The 2017 reboot of ‘That’s So Raven’, ‘Raven’s Home’, is similar to ‘Punky Brewster’ in the way it tries to appeal to both the adults who grew up with the show and their children. ‘Raven’s Home’ follows the now grown-up Raven (Raven-Symone) and Chelsea (Annelise van der Pol), both now divorced single mothers who are raising their kids on their own. Like the now-adult Punky’s similar adventures of being a single mom, Raven and Chelsea’s stories are meant to appeal to the grown-up audiences who once grew up watching their misadventures as kids. Meanwhile, Raven’s tween son, Booker (Issac Ryan Brown), also has psychic abilities like Raven, and goes on tween misadventures similar to the ones Raven once went on. Booker’s adventures are meant to appeal to the kids of the adults revising the show, giving them the same type of adventures that their kids once watched, similarly to what Izzy does in “Punky Brewster”.
The Future of Reboots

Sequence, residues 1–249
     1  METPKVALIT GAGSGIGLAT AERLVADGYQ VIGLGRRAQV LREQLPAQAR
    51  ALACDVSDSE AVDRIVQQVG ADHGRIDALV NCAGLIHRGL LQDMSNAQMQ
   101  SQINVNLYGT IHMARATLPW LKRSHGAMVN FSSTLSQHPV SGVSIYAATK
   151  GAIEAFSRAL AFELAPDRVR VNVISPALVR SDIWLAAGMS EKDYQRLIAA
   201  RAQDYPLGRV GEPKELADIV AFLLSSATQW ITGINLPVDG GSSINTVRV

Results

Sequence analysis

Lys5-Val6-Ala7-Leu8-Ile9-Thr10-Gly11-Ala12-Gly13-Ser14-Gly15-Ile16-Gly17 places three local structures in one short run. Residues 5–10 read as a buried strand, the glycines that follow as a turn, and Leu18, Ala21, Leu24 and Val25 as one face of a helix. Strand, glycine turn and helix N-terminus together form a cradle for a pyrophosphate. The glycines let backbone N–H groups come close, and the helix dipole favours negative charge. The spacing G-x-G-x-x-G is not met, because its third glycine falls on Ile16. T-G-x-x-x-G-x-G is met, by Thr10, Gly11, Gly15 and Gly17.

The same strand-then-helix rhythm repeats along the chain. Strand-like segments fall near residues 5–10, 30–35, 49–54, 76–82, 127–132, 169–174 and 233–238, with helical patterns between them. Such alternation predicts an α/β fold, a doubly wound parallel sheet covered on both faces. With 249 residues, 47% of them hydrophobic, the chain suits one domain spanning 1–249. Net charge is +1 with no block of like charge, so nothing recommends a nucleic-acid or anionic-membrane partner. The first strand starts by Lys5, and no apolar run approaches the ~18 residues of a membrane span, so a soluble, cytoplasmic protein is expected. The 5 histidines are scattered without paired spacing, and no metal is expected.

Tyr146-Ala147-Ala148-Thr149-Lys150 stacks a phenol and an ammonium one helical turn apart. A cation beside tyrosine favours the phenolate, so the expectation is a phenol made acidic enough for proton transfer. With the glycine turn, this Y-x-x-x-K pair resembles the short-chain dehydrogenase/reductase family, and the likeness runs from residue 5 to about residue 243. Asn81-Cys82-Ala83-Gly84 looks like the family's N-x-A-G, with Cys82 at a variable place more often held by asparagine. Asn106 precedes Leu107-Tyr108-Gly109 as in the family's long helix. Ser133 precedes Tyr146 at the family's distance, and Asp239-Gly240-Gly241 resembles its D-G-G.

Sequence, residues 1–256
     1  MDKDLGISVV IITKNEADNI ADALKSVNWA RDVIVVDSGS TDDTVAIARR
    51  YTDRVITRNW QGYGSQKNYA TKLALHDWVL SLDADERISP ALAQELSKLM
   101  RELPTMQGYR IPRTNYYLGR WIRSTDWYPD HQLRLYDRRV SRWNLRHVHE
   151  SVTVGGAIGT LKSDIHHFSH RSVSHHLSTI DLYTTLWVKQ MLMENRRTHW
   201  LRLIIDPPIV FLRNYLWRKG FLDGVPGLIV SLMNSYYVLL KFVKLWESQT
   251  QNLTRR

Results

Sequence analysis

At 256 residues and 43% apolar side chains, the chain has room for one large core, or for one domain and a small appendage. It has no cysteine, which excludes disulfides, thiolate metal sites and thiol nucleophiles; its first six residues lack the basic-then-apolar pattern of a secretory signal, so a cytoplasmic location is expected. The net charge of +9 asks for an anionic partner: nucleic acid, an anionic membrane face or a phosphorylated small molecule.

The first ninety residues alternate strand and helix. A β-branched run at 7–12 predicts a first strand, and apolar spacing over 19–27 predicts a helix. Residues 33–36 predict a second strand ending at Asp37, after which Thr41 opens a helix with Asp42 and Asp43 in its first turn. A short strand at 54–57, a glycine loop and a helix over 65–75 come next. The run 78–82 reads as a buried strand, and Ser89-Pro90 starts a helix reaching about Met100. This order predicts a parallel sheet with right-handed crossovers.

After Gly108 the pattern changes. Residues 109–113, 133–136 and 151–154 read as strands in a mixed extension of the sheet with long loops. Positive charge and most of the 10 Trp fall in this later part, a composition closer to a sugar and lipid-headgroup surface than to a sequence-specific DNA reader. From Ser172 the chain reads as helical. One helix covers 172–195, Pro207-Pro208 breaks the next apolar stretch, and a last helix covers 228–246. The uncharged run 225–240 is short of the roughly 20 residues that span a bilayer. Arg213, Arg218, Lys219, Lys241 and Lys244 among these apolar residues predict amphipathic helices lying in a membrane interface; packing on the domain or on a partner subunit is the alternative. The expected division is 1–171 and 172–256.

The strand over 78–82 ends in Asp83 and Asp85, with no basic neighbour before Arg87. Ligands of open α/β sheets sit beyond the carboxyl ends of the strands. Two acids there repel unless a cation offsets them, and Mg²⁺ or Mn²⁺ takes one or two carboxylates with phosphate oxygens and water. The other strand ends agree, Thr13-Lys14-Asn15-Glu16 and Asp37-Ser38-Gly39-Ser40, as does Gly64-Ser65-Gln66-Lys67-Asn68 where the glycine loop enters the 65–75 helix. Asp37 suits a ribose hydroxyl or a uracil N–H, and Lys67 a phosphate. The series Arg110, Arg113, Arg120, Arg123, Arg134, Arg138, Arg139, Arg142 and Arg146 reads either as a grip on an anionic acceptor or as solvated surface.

With the popularity of reboots for television with both children and adult audiences, it can be easy for people to complain that there is nothing original anymore. If there is nothing original anymore then what will they have left to reboot? Reboots of reboots? While this can be easy to see, it is also important to point out that reboots are nothing new in the entertainment industry, from constant reboots of ‘King Kong’ and ‘Godzilla’ since their creations to the constant spinoffs that dominated television in the seventies. If these current remakes can either let adult audiences relive their childhood and be able to share their shows with their own children, then maybe the future of reboots will lead to some positive memories like the original series once did.
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Brianna Benozich is a writer for The Hollywood Insider and a stand up comedian. With a background in screenwriting, she believes that every good story relies on character, story, and themes. Brianna believes that these components, especially with comedies, can start necessary conversations and even open the minds of the audience. She strives to bring attention to underrepresented and overshadowed films and television series which align with the core values of Hollywood Insider’s mission to provide meaningful and compelling stories.